Tom Boonen, one of my favorite riders, tested positive for cocaine in an out-of-competition drug test (for the second – or maybe his third – time). Both WADA and the UCI don’t consider this a positive dope test because cocaine is an amphetamine whose effect lasts for only a short while and thus is only banned during competition, and even then it’s only considered positive if the drug is found to have a concentration of more than 0.5 ng/mg. That means that any control that comes back positive for cocaine during an out-of-competition drug test should be considered negative.
Boonen tested positive for cocaine during his recuperation time between Paris-Roubaix (which he won) and the next goal of his season, which is to win the Green jersey at the Tour. Tom says he doesn’t remember taking the drug, but acknowledges that he suffered a blackout from drinking too much the night before the test and, given the apparent availability of cocaine in nightclubs in Belgium, does not rule out that he may have taken some. However, it has since been revealed that his “positive” test was for a concentration of 0.09 ng/mg, which falls well below the threshold for a positive control and should therefor actually be considered a negative test.
This has not stopped the most autocratic organization in cycling – the ASO (who organizes the Tour de France and is thus the most powerful organization in cycling) – to declare that Boonen is “unwelcome” at the Tour due to his positive test. Meanwhile an independent panel has asserted that in order for the concentration to be so low, Boonen must of had only indirect contact with the drug and in any case does not use regularly. Basically, he didn’t inhale.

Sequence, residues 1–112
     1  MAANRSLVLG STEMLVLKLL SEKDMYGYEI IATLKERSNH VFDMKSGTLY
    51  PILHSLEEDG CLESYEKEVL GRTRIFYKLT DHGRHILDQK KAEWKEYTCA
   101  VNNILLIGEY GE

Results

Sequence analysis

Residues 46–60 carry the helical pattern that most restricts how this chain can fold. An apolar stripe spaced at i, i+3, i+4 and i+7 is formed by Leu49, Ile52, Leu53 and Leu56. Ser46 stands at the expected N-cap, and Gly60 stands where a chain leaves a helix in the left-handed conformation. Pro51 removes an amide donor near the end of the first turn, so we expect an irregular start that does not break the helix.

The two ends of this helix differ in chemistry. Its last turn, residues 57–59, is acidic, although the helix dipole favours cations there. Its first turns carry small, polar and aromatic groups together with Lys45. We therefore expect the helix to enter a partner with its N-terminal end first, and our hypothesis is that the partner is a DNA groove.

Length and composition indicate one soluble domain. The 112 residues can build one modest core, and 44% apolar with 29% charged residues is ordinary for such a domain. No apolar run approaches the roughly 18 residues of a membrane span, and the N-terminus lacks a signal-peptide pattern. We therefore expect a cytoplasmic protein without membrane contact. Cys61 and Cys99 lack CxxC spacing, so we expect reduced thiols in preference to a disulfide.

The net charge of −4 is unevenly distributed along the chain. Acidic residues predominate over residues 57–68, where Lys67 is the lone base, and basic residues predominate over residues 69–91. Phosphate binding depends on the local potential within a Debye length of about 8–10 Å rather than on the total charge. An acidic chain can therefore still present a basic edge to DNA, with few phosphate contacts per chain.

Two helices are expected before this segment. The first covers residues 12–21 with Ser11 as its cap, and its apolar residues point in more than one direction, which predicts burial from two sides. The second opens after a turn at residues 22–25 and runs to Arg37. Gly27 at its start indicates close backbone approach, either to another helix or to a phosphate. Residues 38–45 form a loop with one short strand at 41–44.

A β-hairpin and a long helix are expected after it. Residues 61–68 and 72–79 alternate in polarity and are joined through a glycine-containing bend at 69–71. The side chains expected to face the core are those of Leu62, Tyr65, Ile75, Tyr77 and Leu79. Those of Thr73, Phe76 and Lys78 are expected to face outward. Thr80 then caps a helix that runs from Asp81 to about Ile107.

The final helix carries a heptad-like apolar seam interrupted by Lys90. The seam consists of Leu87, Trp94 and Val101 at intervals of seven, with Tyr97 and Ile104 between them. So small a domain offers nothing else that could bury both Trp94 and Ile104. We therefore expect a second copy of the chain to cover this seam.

It is absolutely necessary to have out-of-competition drug tests. The most effective drugs in cycling like, for example, EPO, have lasting effects for up to 30 days and can only be detected for a small number of days after taking the substance. Obvsiuosly, any rider with even half a brain will not take the drug immediatly before or during a competition while the substance can be detected but will instead take it some time ahead of the race. Therefor, the UCI has to be allowed to test for the drug arbitrarily during the season. Cyclists are required to account for their whereabouts for each and every day during the year and guarantee their availability for a drug test for a 4-hour window each day.
Obviously, this is a huge sacrifice of personal freedom and many consider it an invasion of privacy. The argument that it is required in order to gaurentee fairness in the sport and an invasion of privacy both have merrit, but I strongly believe that out-of-competition tests should test – or at the very least report – only drugs that are on the out-of-competition prohibited substance list. The fact that Boonen had cocaine in his system is irrelevant to the sporting world and a private issue between him and legal authorities in Belgium. I find the fact that it was made public disgusting. If I take a drug and test positive during an interview process, I expect that to be a matter between me, my prospective employer, and any authorities they would be obligated to report the test results to. It should be no different for a professional cyclist, especailly given that they may be tested any day of the year.
ASO, please reconsider and let Boonen race.